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Nervous Beginning


Prime Minister Narendra Modi’s announcement that some historic decisions would be taken during the ongoing Parliament session has sent shivers up the opposition’s collective spine. Ostensibly, the occasion is celebrating 75 years of the Indian Parliament’s existence. The MPs are also bidding adieu to the old parliamentary building of British times and will shift into the newly constructed one on Tuesday. This has evoked considerable nostalgia and tributes were paid by the PM and opposition leaders to the many who contributed to the 75 historic years of Indian democracy, not just the MPs, but the staff, security personnel, journalists, etc.

Not unexpectedly, the speeches were not entirely upbeat and the underlying political bitterness shone through. While even the Prime Minister could not resist making a sharp comment or two, Congress party leaders in both houses almost entirely focused on denigrating the present government and claiming all the good that has happened was due to the remarkable leadership of its prime ministers.

The worry is that, in his usual way, Prime Minister Modi will come up with something unexpected to take a major political advantage during this session. There are a number of bills slated to be passed but the agenda has not been completely revealed. Some believe the ‘historic decision’ could involve passage of a bill on women’s reservation in parliament. This is why the demand for it was raised by the Congress in the bid to take credit in pre-emptive fashion. Clarity on this will come soon enough.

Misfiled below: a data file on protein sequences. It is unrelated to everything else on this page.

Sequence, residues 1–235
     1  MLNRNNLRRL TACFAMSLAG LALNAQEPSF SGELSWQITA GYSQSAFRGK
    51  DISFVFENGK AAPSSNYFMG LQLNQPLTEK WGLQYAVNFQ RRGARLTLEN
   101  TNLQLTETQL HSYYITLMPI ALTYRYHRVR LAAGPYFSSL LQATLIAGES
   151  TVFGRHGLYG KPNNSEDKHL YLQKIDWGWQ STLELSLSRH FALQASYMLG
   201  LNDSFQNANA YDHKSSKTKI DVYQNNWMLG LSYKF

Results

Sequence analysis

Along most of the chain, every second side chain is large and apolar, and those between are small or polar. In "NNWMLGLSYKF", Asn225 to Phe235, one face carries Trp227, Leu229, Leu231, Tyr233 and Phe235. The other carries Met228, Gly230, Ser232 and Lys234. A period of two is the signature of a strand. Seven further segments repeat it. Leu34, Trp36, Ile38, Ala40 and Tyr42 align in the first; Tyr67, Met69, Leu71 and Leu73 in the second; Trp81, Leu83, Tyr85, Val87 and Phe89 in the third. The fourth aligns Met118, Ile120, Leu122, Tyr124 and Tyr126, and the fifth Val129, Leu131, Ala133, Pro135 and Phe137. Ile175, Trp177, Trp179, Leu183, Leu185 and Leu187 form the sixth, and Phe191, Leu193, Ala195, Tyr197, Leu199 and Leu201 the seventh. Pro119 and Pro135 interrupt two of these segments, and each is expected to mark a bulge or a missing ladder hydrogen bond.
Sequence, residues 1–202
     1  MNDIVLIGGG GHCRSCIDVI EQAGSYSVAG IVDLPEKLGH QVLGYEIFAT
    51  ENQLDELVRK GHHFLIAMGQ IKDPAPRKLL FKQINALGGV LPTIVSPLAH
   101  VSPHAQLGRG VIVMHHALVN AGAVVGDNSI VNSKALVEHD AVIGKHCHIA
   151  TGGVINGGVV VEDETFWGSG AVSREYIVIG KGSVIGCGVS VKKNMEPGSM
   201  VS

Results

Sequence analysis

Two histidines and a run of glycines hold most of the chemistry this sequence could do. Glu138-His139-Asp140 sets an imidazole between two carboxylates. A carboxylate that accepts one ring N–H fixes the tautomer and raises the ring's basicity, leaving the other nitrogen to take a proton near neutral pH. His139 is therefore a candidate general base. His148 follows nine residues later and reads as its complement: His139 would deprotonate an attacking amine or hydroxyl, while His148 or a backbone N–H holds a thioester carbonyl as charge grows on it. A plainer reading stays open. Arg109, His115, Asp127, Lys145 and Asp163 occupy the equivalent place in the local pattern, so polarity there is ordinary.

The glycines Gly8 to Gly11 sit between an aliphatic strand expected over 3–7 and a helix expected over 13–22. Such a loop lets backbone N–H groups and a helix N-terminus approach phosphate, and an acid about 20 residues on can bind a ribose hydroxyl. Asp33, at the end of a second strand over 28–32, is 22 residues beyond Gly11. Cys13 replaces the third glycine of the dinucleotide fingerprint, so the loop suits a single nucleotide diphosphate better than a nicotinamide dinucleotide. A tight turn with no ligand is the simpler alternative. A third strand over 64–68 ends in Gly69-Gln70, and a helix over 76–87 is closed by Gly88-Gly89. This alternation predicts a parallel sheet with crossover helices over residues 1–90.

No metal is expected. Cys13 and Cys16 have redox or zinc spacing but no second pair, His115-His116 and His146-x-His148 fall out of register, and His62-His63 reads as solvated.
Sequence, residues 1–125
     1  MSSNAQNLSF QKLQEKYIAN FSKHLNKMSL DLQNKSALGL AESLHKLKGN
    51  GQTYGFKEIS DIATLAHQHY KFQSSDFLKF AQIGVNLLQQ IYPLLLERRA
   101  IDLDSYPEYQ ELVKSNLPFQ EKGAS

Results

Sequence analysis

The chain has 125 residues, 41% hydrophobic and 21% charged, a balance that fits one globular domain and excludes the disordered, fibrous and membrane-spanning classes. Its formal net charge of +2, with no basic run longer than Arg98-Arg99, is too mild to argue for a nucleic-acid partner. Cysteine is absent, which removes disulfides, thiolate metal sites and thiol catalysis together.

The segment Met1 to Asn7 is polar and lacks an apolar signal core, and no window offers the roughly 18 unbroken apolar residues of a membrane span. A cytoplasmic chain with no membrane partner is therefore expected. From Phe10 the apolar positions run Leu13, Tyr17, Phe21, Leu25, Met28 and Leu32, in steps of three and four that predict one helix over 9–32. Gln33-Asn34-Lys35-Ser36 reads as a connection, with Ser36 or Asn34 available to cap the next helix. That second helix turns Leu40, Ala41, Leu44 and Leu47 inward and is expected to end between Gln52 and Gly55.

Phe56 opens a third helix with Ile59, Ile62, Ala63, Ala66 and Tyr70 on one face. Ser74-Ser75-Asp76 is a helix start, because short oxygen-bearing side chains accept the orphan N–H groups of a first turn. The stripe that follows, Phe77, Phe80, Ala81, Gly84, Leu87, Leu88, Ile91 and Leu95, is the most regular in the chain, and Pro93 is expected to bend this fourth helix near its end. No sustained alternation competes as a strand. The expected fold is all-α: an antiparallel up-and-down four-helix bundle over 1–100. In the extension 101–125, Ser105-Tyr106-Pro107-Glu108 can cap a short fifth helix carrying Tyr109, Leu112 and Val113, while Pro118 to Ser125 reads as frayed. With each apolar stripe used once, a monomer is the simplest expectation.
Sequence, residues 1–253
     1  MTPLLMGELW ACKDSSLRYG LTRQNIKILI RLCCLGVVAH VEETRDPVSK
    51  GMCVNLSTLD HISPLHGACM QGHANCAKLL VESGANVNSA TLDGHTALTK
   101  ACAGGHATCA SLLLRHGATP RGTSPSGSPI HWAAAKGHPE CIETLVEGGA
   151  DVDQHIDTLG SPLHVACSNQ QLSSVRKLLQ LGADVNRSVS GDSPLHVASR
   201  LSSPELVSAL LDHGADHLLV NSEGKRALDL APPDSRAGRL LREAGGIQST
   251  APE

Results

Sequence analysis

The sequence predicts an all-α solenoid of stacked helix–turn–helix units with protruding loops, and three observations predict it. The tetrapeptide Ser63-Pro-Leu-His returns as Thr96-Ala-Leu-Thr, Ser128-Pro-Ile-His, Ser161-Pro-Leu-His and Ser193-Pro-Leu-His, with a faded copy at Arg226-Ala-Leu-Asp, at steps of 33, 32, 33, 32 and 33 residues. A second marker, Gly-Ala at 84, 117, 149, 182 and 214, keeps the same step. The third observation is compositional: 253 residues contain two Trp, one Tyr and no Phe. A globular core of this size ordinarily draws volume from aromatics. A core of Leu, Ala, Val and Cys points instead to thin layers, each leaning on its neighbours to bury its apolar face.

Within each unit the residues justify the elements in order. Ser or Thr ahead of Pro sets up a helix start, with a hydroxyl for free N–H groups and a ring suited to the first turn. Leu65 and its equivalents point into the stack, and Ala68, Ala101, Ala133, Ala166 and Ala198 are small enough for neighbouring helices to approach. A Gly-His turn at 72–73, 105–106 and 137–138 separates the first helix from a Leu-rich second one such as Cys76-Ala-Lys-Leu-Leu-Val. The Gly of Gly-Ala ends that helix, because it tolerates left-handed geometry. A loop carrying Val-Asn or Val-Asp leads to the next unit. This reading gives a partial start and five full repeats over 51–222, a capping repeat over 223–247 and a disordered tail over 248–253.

There are certainly some changes that the Indian parliamentary system awaits. Fresh delimitation is required to ensure proper representation, which would logically follow the delayed census. Ensuring adequate representation for the more prosperous southern states whose population numbers have dropped is also necessary. Women’s reservation has been delayed because inclusion of the OBCs as a sub-category has been insisted upon by certain caste based parties. The demand for a caste census is based on the desire to take reservation beyond the present fifty percent in the legislatures and government jobs. Several parties intend to make this a big issue in the coming elections. The strategy of the INDI Alliance is already evident regarding promotion of caste identity, while denigrating Hindu religious identity. The government is fully aware of these challenges so may well be considering some outflanking maneuver(s). Whatever be the case, the shift to the new building will mark the beginning of a new era for Indian democracy.